Column german angst: the very big little people coalition

We have left the little people to become even smaller people. And we have longing – but we have nothing to offer.

Very yellow, very angry, very "we"? Photo: dpa

"We have left the little people to become even smaller people" – this is how a friend comments on the freshly inflamed love of many leftists and liberals for the yellow vests, these little people

After all, haven’t the very people whose hearts are now lifted fled the provinces, the small world of these people? I did that, too. Because I could. I landed in an even smaller province – not in a Charlotte-Roche-digital-detox-totally-unfriendly-no-doctor-no-bus-yikes kind of way, but in order to finance my life. Sounds big, but it’s awfully small.

We left the little people to become even smaller people. These little people remain a place of longing and a measure of this social cohesion. It used to be called Volksgemeinschaft, unity and now just democracy. Horst Seehofer said at the start that the new government would be "a grand coalition for the little people. Social democracy has betrayed them, the AfD has discovered them, Page 3 wants to understand them: Who are they, what do they want, why so angry? They are a class formed by the speech from above.

We have left the little people to become even smaller people. The malaise, the class conceit, always resonates when we talk about them. edouard Louis wrote of "the social contempt that this movement is met with" in his viral text "Whoever insults them insults my father." Thus, the little people are saints as well as whores, the homophobes, racists and angry citizens, the wet dream of the globalized right, those who move from the social to the national question out of justified indignation over lack of opportunities. Is it small to radically disassociate oneself or – is solidarity just that: to make oneself common with a struggle that is not one’s own?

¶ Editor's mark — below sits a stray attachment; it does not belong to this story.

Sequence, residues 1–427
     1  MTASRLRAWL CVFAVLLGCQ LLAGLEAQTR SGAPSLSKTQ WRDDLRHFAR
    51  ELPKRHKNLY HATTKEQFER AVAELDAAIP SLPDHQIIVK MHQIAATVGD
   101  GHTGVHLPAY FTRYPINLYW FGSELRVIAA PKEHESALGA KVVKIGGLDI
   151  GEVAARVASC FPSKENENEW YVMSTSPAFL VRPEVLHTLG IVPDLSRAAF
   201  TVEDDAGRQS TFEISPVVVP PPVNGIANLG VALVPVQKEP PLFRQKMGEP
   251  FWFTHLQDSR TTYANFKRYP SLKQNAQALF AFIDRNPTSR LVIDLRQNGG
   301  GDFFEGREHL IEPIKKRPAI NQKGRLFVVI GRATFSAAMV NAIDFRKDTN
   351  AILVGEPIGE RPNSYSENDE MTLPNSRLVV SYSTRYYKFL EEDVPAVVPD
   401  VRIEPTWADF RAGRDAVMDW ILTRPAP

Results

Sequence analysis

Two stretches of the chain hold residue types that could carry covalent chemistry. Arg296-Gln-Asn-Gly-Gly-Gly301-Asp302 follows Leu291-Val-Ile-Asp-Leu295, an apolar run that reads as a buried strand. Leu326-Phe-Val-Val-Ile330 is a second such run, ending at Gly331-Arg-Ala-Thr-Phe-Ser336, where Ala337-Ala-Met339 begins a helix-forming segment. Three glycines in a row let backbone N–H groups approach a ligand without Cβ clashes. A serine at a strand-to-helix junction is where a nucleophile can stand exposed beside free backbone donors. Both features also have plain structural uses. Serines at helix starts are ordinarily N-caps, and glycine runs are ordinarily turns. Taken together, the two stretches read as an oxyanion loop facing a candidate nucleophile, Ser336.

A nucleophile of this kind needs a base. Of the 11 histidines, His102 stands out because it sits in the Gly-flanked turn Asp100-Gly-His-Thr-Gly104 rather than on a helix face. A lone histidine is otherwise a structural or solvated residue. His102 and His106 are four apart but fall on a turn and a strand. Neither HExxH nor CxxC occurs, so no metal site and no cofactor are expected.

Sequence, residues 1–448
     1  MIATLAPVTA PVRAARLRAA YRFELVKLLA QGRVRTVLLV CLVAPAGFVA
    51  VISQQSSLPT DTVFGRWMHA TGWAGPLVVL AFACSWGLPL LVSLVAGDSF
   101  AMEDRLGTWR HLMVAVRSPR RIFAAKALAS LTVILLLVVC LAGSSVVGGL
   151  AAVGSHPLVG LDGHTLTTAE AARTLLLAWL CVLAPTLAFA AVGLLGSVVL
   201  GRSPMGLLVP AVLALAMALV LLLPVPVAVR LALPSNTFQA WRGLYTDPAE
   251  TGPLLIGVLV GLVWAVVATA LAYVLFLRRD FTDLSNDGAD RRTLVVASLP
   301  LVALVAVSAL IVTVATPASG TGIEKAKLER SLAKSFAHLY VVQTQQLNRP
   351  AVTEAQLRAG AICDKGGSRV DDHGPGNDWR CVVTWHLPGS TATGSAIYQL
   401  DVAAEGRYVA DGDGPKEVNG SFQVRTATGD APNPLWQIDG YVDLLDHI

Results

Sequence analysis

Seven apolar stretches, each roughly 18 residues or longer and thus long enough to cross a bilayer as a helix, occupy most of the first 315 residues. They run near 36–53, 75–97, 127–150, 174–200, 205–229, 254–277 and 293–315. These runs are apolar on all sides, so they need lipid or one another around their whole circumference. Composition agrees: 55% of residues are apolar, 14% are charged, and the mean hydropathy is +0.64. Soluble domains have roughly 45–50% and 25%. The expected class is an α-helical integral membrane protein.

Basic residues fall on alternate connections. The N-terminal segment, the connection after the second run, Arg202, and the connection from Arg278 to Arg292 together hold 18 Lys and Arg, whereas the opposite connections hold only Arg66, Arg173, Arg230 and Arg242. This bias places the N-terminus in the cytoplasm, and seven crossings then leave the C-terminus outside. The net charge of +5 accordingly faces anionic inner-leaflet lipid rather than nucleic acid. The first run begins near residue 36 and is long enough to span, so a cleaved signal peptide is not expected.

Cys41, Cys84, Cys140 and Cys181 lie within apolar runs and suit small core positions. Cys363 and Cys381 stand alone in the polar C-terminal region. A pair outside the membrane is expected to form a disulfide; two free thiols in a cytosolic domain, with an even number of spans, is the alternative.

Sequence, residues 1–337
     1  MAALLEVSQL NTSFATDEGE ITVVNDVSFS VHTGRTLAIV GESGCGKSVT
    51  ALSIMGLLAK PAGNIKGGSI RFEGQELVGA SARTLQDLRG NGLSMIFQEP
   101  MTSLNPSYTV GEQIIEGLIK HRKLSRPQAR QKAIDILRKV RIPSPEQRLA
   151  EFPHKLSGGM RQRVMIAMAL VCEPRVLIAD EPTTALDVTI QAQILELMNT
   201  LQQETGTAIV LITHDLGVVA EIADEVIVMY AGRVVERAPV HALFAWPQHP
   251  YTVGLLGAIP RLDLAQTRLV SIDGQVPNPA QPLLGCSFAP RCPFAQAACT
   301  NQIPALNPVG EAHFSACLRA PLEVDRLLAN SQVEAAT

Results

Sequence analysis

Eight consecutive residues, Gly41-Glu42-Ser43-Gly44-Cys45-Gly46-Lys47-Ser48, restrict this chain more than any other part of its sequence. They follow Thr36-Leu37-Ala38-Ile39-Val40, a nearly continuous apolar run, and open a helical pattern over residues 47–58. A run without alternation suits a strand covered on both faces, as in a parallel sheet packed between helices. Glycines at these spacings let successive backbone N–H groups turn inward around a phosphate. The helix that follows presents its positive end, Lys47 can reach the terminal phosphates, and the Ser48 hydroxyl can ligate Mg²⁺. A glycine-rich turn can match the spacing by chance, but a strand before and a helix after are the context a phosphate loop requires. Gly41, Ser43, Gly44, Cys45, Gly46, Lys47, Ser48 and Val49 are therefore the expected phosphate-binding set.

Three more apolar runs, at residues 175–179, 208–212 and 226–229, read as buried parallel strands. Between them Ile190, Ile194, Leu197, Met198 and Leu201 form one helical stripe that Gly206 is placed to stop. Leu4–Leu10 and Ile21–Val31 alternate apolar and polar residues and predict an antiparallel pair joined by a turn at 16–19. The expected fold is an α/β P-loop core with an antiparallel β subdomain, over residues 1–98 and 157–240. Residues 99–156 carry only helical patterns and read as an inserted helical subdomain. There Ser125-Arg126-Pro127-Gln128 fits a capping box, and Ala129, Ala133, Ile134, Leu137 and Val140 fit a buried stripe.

This failure of ours

We have left the small people to become even smaller people. There is something else in this than the hatred for the socially disadvantaged that is inherent in our competitive existence. Are we, the qua birth privileged and yet failed, allowed to make ourselves common at all with such a fundamental thing as rebelling out of existential need?

And what does this failure of ours to break with the province, the bourgeoisie, which we nevertheless carry deep in our hearts, mean? The failure to do better. The little people help us not to admit this precarious life. And precisely the failure to redeem privilege. Like Robin Hood, we can show solidarity with them without being able to offer anything.

It is easy to sympathize with the rage of others far away (France) or to dismiss it (Dresden, Chemnitz). It is easier to go along with the lowest common denominator, which in the end is only the storm against those up there, than to admit one’s own small-mindedness, the inability to offer anything – be it resistance, be it utopia. We are not the small ones, we are the smaller people.

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